August 1, 2012 / 9:00 PM / 7 years ago

UPDATE 2-Calif. judge rules in favor of HP in Itanium server case

* HP had accused Oracle of violating contract

* Judge says promises by Oracle execs were clear

* Orders Oracle to offer products on HP Itanium servers

* Oracle says it plans to appeal

By Poornima Gupta and Dan Levine

SAN FRANCISCO, Aug 1 (Reuters) - A California state court judge ruled in favor of Hewlett-Packard Co and against Oracle Corp in a bitter lawsuit over the latter’s decision to end support for HP’s Itanium-based servers.

HP had accused Oracle of violating a contract when it decided last March that it would no longer make new versions of its database software compatible with HP’s high-end servers based on Intel Corp’s Itanium chips. Oracle maintained that it had no such contract with HP.

The servers are mostly used by large corporations with rigorous computing needs.

Santa Clara Superior Court Judge James Kleinberg wrote on Wednesday that a contract exists between HP and Oracle, and that Oracle is required to continue to offer its product suite on HP’s Itanium server platform.

Oracle is required to port its products to HP’s Itanium-based servers without charge to HP, the judge ruled.

“The parties had a long history of trust and collaboration, the promises made by the Oracle executives were clear and unambiguous,” Kleinberg wrote in the preliminary ruling, “and the parties’ relationship was very profitable for both companies.”

Oracle said it plans to appeal the decision.

“We made the decision as we became convinced that Itanium was approaching its end of life and we explained our rationale to customers,” Oracle said in a statement. “Nothing in the Court’s preliminary opinion changes that fact.”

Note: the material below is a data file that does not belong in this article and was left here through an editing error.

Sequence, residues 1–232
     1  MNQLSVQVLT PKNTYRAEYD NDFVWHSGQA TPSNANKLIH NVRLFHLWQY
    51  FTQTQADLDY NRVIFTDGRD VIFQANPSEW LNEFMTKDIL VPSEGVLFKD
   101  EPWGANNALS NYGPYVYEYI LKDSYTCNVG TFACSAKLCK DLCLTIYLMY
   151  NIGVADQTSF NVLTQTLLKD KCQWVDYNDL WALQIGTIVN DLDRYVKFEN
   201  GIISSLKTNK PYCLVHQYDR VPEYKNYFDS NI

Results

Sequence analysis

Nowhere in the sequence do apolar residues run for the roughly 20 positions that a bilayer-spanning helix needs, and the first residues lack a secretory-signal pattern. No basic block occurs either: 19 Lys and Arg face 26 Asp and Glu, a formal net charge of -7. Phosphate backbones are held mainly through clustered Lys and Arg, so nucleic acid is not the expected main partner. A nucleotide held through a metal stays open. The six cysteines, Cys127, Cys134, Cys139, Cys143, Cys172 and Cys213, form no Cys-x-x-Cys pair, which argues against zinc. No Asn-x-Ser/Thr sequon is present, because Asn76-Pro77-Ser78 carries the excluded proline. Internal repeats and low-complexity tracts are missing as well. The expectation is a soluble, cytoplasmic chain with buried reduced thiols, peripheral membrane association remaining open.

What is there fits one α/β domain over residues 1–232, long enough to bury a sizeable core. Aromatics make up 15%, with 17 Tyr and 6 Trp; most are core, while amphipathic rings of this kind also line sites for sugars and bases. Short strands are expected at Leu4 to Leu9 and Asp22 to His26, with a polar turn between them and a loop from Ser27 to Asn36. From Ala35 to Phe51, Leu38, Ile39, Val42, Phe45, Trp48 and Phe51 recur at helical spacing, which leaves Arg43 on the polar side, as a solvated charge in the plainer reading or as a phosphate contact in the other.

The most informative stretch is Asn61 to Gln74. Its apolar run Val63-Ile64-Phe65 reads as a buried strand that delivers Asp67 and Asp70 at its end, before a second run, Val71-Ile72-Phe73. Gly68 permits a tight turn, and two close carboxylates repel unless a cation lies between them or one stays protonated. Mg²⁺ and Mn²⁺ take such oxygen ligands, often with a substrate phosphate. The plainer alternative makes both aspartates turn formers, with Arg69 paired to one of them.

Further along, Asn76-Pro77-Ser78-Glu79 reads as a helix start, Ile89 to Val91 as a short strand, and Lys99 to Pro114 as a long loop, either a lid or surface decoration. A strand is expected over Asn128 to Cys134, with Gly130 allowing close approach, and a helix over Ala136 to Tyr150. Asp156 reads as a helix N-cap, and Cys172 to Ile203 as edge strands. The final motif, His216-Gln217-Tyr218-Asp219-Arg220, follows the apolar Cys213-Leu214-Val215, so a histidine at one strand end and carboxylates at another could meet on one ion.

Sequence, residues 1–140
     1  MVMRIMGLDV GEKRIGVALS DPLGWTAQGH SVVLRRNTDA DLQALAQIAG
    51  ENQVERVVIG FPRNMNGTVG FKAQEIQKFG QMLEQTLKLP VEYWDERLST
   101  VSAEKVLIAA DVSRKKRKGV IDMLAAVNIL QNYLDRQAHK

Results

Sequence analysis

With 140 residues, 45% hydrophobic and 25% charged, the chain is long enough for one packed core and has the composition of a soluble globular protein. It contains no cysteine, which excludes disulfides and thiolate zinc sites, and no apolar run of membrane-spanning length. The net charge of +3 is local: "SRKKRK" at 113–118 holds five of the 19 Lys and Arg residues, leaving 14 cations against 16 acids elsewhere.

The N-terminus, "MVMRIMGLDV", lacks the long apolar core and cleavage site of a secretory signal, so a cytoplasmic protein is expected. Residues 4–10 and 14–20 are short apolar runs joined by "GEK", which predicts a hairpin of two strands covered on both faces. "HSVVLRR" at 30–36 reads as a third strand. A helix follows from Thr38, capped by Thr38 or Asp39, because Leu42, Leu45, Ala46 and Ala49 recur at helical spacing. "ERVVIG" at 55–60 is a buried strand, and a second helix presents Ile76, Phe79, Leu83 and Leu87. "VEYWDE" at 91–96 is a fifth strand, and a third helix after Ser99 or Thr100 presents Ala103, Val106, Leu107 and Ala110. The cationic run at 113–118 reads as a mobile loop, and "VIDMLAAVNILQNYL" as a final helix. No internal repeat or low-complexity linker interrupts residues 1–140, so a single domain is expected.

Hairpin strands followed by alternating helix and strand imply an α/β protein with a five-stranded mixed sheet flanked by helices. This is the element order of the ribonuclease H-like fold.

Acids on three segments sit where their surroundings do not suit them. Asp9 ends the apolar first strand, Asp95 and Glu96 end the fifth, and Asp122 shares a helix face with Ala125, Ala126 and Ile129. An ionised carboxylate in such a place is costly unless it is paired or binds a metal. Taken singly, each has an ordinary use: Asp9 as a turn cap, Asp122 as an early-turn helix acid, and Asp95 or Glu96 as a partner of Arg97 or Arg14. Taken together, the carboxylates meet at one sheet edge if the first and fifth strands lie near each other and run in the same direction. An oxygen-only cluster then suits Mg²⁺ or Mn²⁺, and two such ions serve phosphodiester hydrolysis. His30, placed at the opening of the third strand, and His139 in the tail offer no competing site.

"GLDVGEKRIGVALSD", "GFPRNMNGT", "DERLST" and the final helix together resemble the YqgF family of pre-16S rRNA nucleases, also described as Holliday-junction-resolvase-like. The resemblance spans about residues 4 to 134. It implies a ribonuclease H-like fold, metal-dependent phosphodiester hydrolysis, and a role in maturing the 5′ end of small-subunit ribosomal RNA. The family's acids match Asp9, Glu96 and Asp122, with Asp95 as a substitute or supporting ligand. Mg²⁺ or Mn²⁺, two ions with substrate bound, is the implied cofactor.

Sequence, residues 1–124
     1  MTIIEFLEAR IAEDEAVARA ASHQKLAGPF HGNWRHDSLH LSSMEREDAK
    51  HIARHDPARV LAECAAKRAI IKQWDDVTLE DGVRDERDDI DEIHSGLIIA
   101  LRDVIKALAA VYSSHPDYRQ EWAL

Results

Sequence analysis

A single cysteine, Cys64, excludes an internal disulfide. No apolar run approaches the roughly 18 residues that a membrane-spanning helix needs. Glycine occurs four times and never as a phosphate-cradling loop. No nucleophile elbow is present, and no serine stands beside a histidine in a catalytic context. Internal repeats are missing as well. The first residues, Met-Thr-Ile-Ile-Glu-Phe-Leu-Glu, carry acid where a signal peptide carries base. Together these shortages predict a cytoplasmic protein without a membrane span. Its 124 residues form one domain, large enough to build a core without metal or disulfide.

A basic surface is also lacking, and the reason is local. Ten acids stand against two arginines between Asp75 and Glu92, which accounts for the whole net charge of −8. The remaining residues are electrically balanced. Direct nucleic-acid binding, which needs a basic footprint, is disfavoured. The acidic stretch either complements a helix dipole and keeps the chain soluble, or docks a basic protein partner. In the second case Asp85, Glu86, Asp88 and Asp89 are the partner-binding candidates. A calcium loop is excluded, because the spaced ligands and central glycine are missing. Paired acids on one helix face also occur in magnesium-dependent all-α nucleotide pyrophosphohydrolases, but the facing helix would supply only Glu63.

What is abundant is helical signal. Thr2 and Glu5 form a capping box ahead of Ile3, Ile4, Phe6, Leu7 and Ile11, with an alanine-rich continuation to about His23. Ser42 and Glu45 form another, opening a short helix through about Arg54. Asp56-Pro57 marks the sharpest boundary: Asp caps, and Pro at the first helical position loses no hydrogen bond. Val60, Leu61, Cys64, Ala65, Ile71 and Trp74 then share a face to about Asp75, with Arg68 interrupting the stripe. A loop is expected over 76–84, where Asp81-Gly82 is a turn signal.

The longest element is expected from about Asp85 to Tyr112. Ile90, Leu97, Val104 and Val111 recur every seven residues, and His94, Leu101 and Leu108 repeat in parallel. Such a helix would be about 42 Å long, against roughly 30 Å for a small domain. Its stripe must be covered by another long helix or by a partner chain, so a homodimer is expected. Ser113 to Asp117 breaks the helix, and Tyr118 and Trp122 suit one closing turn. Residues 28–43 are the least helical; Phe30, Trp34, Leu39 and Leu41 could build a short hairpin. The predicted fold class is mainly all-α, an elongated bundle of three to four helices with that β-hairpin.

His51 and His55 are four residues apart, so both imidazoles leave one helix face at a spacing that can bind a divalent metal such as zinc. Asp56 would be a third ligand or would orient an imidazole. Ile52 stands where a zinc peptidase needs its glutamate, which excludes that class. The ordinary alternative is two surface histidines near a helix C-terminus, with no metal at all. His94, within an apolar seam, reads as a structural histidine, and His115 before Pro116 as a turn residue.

The high-stakes dispute between both companies, which have been partners for the last 30 years and have about 140,000 common customers, came after the former friends became intense rivals following Oracle’s purchase of Sun Microsystems.

Oracle’s purchase meant that the company was now into the server hardware field, in which it previously partnered with HP.

Also, Oracle hired former HP chief executive Mark Hurd in 2011 after he left HP amid questions over his relationship with a female contractor.


Kleinberg’s ruling did not address the question of damages. It is possible that a jury will now decide those questions.

He wrote that Oracle is obliged to continue to offer its product suite on Itanium-based server platforms until “such time as HP discontinues the sales of its Itanium-based servers.”

Oracle is also required to port its products to HP Itanium servers without charge to HP, according to the ruling.

HP, which is seeks up to $4 billion in damages, said the ruling is “a tremendous win” and expects Oracle to comply with its “contractual obligation as ordered by the court.”

HP had argued before the judge that Oracle and HP had agreed that support for Itanium would continue, without which the HP equipment using the chip would become obsolete.

HP also told the judge in June that the commitment was affirmed when it settled an earlier lawsuit over Oracle’s hiring of Hurd.

The case in the Superior Court of the State of California, County of Santa Clara is Hewlett-Packard Company v. Oracle Corporation, No. 11-CV-203163

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